VOLUME LXII, NO. 2 FEBRUARY 2012 WWW.NCLM.ORG
NCLM re-organizes, readies for move back to Coates Building he N.C. League of Municipalities has reorganized and consolidated several departments to better serve its membership. The reorganization became official on January 1, 2012. Under the re-organization, a new department of Communications and Member Relations was created. (The League is currently in the process of hiring a director of Communications and Member Relations.) Within this department are communications, which was previously called public affairs; member relations, which was previously member services; and meeting planning. The director of Communications and Member Relations will manage the League’s branding and overall communications plans; legislative messaging; publications; member education and training and marketing of the three risk management trusts. Working on the communications side of the department are Writer/Web Content Editor Matt Lail, who has served as interim director of public affairs for the past year, and Design Specialist Dana Davis Bayley.
Rob Shepherd, previously the League’s manager of member services, is now the manager of member relations. He has overall responsibility for the League’s annual conference as well as other meetings. Shepherd also oversees the marketing efforts of the League’s non-risk management services. Working with Shepherd is Marketing Program Administrator Madeleine Henley and Survey Research Analyst Tanika Sneed, both of whom were previously in the department of member services. Diane Godwin continues to serve as the League’s principal meeting planner, assisted by Meeting Planner Athena Banks and Meeting Planning Assistant Crystal Correia. A yet-to-be-hired member relations field consultant will fill out the Communications and Member Relations team. Hartwell Wright, the League’s human resources consultant, continues in that role but is now part of the department of department of field services within Risk Management Services (rms). Lisa Kinsey and Angela Greene, who previously worked
in member services, now concentrate on marketing the rms programs as member services field consultants. The League is currently in the process of hiring for a director of field services to oversee that department. Charles Archer, who was previously the League’s associate director for operations and federal relations, now has the title of chief operating officer. He oversees internal functions of the association including IT, human resources, printing and facilities. Archer will also continue to serve as the staff contact to the N.C. City & County Management Association; however, his duties as federal advocacy liaison (to the National League of Cities and/or to Congress) have now been shifted to Governmental Affairs Director Kelli Kukura and her team. The re-organization has coincidentally occurred just in time for the move of some NCLM staff members back to the Albert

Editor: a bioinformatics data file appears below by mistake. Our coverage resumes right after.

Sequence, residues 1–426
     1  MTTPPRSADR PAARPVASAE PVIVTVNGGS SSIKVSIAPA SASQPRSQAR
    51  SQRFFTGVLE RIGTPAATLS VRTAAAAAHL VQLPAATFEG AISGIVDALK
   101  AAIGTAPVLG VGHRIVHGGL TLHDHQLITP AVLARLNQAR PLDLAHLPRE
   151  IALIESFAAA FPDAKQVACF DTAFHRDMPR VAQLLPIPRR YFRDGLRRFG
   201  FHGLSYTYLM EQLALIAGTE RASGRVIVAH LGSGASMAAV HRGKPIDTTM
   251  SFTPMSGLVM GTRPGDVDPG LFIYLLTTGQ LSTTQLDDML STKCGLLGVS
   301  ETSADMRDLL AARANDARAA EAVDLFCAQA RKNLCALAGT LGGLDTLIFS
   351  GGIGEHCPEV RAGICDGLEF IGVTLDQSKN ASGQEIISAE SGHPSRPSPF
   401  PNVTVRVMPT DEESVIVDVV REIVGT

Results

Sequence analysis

Coates Local Government Center. A longoverdue renovation of that facility was recently completed. The new-and-improved League side of the Coates building (the N.C. Association of County Commissioners shares the building) now boasts a new roof, reconfigured office space to allow more natural light, additional meeting space, much-needed security upgrades, and improvements in energy efficiencies and storage. In addition, the offices all feature new furniture. Funding for the Coates building renovation came from the League’s capital reserves and not the operating budget. Executive Director S. Ellis Hankins and Executive Assistant Regan Reynolds will return to the Coates Building, as will the League’s governmental affairs, legal, communications and N.C. Metropolitan Mayors Coalition staff members.
LEDs in public spaces save money, offer greater lighting efficiency
2 From Our Perspective: Making healthy and cost-effective decisions with our members A strategic plan for regulatory issues 3 N.C. officials appointed to NLC committees and councils
BY BRENDA PORTER-ROCKWELL
s municipalities look for cost-savings on their rising utility bills, swapping out old streetlights for newer, more modern lighting, light emitting diodes (leds) are becoming increasingly commonplace in municipal public spaces. Promising greater energy savings down the line, leds are more environmentally friendly and emit brighter light at a greater distance. A number of cities across the state including Raleigh, Chapel Hill, Charlotte and Durham have all added led lighting to various parts of their respective communities. In Durham, led lighting projects have been undertaken both inside and out as older buildings undergo renovations with funding from the American Recovery and
CITY OF RALEIGH
Carolina Pines Park in Raleigh upgraded its parking lot lighting to energy-efficient LED technology.
Reinvestment Act. About a year and a half ago, seeing that electric and water/sewer rates were increasing across the board, the city and the county of Durham’s Office of Sustainability adopted an energy policy to reduce usage and save money with initiatives like adjusting thermostat settings, and adding led lights. In addition to the aforementioned list of reasons for adding leds, “We looked at the long life and efficiency, the effectiveness of a more brilliant light and the ability to cover a larger area than conventional lighting,” said Joel Reitzer, Durham’s sustainability manager. Further, added Durham’s Senior Project Manager Kendrick Williams, “We also wanted to decrease our energy usage, but continued on page 8
RMS Regional Meetings: Good news is on the way! 4 League directory now online Identifying shared interests in our community 5 Workshop looks at how to meet the information needs of communities 6 Livability in the 21st Century D’Angelo added to NCLM underwriting department 7 Goldsboro: Building the ladder toward safety & wellness 9 Improvements to Coates Building will result in more energy efficiency 10 Using apps to market your town After the Recession: A strategy for downtown recovery 11 ‘Downtown is working’ 12 Talk of Our Towns 13 On the Agenda 14 Career Opportunities
8 Southern City
LEDs, from page 1
Chapel Hill has installed led streetlights along the 100 block of Franklin Street, one of the town’s most recognizable landmarks. Ten high-pressure sodium streetlights have been replaced to evaluate the extension of led street lighting. led street lighting can reduce energy consumption by 50 percent or more. The town solicited feedback from residents about the quality of the lighting during the course of the 12-month pilot program. Currently all of the streetlights in Conover have been switched to high pressure sodium (hps) from the standard mercury vapor. As Conover updates its buildings, it has switched from hps to leds both internally and externally where feasible.
High Point’s LED lighting includes standard and decorative fixtures.